“Hi Smith Family! Your ocean front home is ready at 200 Seaside Lane with a door lock code of 3333. Reminder that your sunset view this evening is 8 pm. Amazing Rentals hopes you enjoy your time.”
Statistics say that 8 trillion texts are sent every year with an open rate of 99% and a typical response time of under 3 minutes, 33% of Americans prefer texting to any other form of communication. It is also the most used form of messaging for American’s under the age of 50. As an industry we have already experienced the huge increase in website bookings, for some companies it has reached up to 70%.
Customers are finding your company on their smart phones more than not, when listening to calls often when asked to view the home together, caller’s say they will be able to when they are done with the call because they are on their phones. Consumers are not spending the time to open a computer to view the homes together because they rely on their phones so much for vacation rental searching and booking. I recently had a friend tell me she used Vacation Rental by Owner for her European bookings because it was easy to access on her phone during travels.
Now that we understand how popular texting is and why we should be using it in our businesses, let’s start off with some basic guidelines for how to text in business:
Rule 1 – Spelling, Grammar and Respect
Spelling out words instead of abbreviating like you might when texting to a friend or family member. Even if the person you are texting with starts abbreviating, remain the professional service provider and spell out your words as well as use correct spelling and punctuation. Just because they might not capitalize an “i,” doesn’t mean you should do the same. Imagine you are texting a formal individual, that often helps to keep it professional. Part of being humans is that we are often judged, and texting is another line of communication that guests will make judgments on. Keeping in mind The Platinum Rule to treat others how they want to be treated. If I am moving fast when texting as usually we all are, I might misspell or use the incorrect word when texting, yet that doesn’t mean that I am okay if a company does the same when texting me.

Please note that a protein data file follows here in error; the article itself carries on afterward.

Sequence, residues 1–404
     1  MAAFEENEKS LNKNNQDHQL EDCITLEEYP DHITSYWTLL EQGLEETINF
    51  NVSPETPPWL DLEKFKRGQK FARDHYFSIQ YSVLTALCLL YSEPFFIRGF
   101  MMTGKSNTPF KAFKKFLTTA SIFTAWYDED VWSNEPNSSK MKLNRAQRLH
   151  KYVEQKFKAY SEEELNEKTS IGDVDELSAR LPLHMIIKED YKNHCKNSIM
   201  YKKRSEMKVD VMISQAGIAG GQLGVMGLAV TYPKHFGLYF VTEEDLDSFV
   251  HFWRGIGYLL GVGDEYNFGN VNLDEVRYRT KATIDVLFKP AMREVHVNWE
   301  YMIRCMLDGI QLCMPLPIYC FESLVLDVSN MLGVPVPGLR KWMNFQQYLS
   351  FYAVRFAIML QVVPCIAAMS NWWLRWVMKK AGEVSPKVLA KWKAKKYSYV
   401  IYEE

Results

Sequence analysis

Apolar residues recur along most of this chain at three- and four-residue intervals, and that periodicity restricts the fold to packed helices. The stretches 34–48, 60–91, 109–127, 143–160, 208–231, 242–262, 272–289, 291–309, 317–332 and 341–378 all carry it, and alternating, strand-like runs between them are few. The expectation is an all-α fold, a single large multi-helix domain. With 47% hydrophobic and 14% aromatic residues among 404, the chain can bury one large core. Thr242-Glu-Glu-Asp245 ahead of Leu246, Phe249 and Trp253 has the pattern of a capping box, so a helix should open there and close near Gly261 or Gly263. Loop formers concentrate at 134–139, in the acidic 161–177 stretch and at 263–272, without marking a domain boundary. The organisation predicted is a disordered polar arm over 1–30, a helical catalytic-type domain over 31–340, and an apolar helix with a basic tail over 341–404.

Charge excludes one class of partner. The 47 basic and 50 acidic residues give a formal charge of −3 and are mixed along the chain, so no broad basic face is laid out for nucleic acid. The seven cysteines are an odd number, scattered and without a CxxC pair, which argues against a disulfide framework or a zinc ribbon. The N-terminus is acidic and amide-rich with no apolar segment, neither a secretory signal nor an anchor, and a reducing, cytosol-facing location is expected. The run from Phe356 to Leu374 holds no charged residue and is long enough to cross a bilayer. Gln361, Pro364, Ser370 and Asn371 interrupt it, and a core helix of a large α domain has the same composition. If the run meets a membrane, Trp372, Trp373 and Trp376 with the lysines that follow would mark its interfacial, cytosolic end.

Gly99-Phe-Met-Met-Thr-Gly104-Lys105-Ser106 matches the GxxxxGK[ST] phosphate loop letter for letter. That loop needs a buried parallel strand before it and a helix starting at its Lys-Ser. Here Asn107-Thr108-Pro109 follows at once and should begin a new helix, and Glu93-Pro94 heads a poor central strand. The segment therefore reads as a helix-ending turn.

Rule 2 – Tone
Like emailing, it is crucial to watch “tone” in texting so that communication isn’t misinterpreted. Take time before responding so that you don’t come off as flippant or harsh. Entrepreneur.com recommends using polite touches like “please” and “thank you,” as well as re-reading every message before pressing send helping to double check your tone.
Rule 3 – When to Text and When to Call
Always keep serious topics for a phone call. If you are talking about cancellations of any kind, finances or what might be interpreted as “bad news,” take the time and pick up the phone.
Rule 4 – Building Trust
You can build trust with frequent communication, yet if you over communicate via text, you might annoy someone. I think about the last time I was interviewing a renter for a studio we own, and we were texting about references and details. The renter filled my phone with long detailed texts all the way into 10 pm at night. I finally stopped responding because I live by the quote, “what we allow we encourage,” and I didn’t want this to become a habit moving forward. The next day, he said something about blowing up my phone and I responded with, “yes you did.” We both laughed about it, yet he never did it again.
Rule 5 – Unplugging
On an internal business note, take breaks from technology occasionally. I hear about managers who are getting texts on their days off and sometimes even owner relations employees doing the same. I understand we are in the hospitality industry and it is very people pleasing focused, yet I spend a good amount of my coaching time helping people create healthy boundaries, so they don’t get burned out or need to take a month off to rejuvenate. If we are going to give with all of our heart and build healthy relationships in business, we need downtime, so we don’t get snarky or annoyed.
Rule 6 – Communication Times
One of the bigger points that I find to be extremely important is to watch when you are sending texts. I recommend 9 am-5 pm for business texts. Now, if you are texting about an update on a maintenance issue that is pressing, I feel it is appropriate to text as late as 7 pm, yet I wouldn’t recommend any later. If you are communicating due to an after-hours call, ask permission on how late you can communicate via text or if they would prefer another form of communication.
Inc.com wrote a great article about why texting increased Dirty Lemon’s revenue by 1,400 percent. The first reason was due to personal communication via SMS and how it optimizes the direct-to-consumer experience. I completely agree with this being that I tend to make a good amount of purchases through Facebook Market Place and I like the quick and easy transactions.
It is said that understanding consumers better drives smarter product development. The ability to track what the consumers want and the areas that your company is not delivering, allows for business changes that meets and even exceeds their needs.
Texting speeds up consumer communication and eliminates the lengthy phone calls or email queries that sometimes never get answered or end up in spam.
It is time to embrace the texting communication in business if you haven’t already.